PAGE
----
This is a romance, and while it features good men and bad, it also explores female friendship and the ties that bind and those that are severed and why. I really enjoyed the female relationships and the love and trust and betrayal that are explored within these.

Overall, this is a marvellous page-turner over which I lost sleep trying to get to the end because I simply HAD to know what happened. Though I saw a couple of the twists, there were one or two I did not, and they quite took my breath away!

Anyone looking for a great read, pick up Ember Island, slip into its pages and escape – though here’s a warning: you might not want to come back!

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Book Review: Lighthouse Bay, Kimberley Freeman

When you pick up a Kimberley Freeman novel, there’s a sense in which you know what you’re getting: a wonderful few hours in which to lose yourself in a marvellous time and space, where there’s romance, secrets, mystery, broken hearts and souls and the tools for characters to mend these if they so desire. Her books are like the best comfort food there is.

Lighthouse Bay, a tale that takes place in two different time frames and explores the lives of three very different women who are connected by the vagaries of life, men, and place, is no exception. It is a gorgeously woven and cleverly plotted tale of loss, desire, memory and its power to render an individual static, and the incredible might of forgiveness to facilitate change, especially, self-forgiveness.

It commences with a shipwreck in 1901, when commissioned with making and transporting a gloriously jewelled parliamentary mace to Australia for Federation, the callous, unemotional and aristocratic Arthur Winterbourne, insists his wife, the grieving Isabella, accompany him. When the vessel they’re on is shipwrecked on the north-east coast of Queensland, not too far from the Sunshine Coast, and Isabella is the only survivor, not only must she brave the natural elements to survive, but human ones and the memories of her tragic past as well.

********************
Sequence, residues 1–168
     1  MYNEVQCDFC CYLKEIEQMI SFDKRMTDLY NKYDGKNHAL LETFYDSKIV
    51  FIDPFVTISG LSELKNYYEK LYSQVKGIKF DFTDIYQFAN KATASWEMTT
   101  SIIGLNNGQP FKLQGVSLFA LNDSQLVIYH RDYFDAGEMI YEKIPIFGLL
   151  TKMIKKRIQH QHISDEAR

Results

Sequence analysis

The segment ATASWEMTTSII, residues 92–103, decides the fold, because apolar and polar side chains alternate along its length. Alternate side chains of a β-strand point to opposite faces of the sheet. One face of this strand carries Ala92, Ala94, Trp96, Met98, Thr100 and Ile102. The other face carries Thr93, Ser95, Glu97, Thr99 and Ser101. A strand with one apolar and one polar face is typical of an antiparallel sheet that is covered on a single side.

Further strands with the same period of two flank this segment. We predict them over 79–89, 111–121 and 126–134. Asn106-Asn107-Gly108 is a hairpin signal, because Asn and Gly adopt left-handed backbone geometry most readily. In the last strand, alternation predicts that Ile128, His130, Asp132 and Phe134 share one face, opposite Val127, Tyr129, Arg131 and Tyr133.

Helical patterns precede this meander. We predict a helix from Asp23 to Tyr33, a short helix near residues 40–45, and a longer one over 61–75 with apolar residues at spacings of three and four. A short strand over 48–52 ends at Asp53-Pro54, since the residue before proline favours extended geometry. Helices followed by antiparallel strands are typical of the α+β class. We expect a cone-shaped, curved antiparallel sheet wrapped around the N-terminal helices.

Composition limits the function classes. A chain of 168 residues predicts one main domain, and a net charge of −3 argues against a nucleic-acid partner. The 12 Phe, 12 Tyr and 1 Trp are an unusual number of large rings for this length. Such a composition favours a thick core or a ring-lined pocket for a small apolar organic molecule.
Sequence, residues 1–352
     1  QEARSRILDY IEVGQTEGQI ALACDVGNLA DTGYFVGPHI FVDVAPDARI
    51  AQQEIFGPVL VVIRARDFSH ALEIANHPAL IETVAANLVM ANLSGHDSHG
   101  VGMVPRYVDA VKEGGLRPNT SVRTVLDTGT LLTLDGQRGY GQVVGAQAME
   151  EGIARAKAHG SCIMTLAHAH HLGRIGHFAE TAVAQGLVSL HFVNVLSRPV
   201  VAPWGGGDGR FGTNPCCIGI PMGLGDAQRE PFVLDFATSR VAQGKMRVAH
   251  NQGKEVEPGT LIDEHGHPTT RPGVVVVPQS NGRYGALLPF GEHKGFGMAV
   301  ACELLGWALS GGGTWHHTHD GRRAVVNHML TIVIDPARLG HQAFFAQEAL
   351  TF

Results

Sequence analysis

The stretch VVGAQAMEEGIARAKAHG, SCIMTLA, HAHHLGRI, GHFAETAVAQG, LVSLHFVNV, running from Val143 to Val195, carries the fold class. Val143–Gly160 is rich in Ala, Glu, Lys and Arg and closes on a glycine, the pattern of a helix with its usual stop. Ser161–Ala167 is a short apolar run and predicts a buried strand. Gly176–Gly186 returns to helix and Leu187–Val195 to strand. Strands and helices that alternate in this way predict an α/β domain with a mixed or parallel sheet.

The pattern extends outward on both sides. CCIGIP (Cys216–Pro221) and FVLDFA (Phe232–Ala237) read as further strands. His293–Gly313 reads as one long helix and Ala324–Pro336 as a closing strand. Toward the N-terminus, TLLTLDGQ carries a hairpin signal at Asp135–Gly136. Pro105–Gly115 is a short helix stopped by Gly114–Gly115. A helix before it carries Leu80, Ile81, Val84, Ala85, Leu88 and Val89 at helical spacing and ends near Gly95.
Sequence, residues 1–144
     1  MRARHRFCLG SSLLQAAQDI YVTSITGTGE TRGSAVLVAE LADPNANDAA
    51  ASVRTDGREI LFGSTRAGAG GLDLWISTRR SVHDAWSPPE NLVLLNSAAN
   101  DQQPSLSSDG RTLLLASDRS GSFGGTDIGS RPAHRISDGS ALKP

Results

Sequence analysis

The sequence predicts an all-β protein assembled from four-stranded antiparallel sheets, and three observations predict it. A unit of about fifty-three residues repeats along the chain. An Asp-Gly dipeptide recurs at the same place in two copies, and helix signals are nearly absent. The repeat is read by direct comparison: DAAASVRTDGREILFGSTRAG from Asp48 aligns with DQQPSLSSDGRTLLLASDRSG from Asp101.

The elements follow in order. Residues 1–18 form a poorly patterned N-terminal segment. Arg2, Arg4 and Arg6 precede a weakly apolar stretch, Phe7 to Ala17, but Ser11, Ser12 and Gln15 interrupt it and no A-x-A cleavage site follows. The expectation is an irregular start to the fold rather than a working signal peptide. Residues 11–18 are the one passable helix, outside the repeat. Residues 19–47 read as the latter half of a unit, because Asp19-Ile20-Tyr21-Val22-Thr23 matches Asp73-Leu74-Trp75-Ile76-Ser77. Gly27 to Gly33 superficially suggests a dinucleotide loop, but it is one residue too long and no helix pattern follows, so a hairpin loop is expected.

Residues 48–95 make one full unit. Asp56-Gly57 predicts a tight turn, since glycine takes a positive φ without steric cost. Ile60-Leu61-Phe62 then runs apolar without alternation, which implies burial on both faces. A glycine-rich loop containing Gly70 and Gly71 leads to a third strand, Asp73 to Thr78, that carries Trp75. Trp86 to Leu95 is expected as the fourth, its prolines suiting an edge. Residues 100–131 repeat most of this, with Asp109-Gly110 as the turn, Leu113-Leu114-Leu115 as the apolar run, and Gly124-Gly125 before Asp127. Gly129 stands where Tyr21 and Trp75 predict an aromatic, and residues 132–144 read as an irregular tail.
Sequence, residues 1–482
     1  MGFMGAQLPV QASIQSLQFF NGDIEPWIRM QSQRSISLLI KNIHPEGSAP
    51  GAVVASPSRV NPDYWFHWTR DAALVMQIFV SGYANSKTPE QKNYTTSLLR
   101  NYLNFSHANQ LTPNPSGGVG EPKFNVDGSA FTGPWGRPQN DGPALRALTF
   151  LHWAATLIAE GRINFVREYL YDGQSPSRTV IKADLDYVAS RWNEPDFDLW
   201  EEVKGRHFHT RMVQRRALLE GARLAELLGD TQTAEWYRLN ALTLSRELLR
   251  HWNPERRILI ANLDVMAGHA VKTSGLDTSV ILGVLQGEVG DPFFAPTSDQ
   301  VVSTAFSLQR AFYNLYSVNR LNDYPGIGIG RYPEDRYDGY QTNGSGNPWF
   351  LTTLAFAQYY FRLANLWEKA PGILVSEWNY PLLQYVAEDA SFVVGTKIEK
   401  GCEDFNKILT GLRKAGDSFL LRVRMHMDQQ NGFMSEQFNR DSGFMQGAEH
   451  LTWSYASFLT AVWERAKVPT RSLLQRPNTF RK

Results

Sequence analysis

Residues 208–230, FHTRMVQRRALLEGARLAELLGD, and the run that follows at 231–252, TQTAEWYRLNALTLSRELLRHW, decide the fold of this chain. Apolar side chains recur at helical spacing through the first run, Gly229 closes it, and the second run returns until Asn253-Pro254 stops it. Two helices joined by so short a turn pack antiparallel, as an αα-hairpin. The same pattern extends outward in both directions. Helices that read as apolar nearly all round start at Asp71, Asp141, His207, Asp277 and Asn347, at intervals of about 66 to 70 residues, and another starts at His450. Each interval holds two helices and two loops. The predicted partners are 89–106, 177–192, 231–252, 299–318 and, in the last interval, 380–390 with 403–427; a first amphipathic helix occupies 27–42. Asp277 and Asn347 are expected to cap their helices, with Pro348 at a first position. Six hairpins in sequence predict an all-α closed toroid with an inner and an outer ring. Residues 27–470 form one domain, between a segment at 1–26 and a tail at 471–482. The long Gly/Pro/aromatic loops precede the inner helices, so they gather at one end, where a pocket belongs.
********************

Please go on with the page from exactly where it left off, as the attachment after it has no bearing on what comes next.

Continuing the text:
Switch to current times, and we’re introduced to the Libby Slater, a web designer living in Paris who, having lost the love of her life, decides to return to the place of her birth, the imagined Lighthouse Bay, to grieve, recollect herself and, possibly, face some dreadful demons – including her estranged sister, Juliet, who cannot forgive her sister for the terrible thing she did twenty years earlier.

Segueing between the different stories, and the woman at their heart, an evocative tale of self-discovery and reconciliation emerges. As each woman learns to put the past and those who populated it into perspective, they’re able to move forward. But it’s the choices they make in their present that will shape their futures and with an uncanny knack for poor choices, for repeating mistakes, you wonder if these woman have learned anything at all…

I found myself unable to put this book down and stayed up far too late to finish it. While there’s romance in these books, it’s very much a story about women – about their capacity to be good, strong people, who make choices they have to live with: as mothers, sisters, friends and citizens. It’s about having them acknowledge their weaknesses and moving with and beyond them to create possibility – for themselves and those around them who dare to care. I really enjoyed this aspect and found myself caring so deeply about each of the women, and having a weep at the beauty and realism the relationships, good and bad, evoked.

An absolutely wonderful read.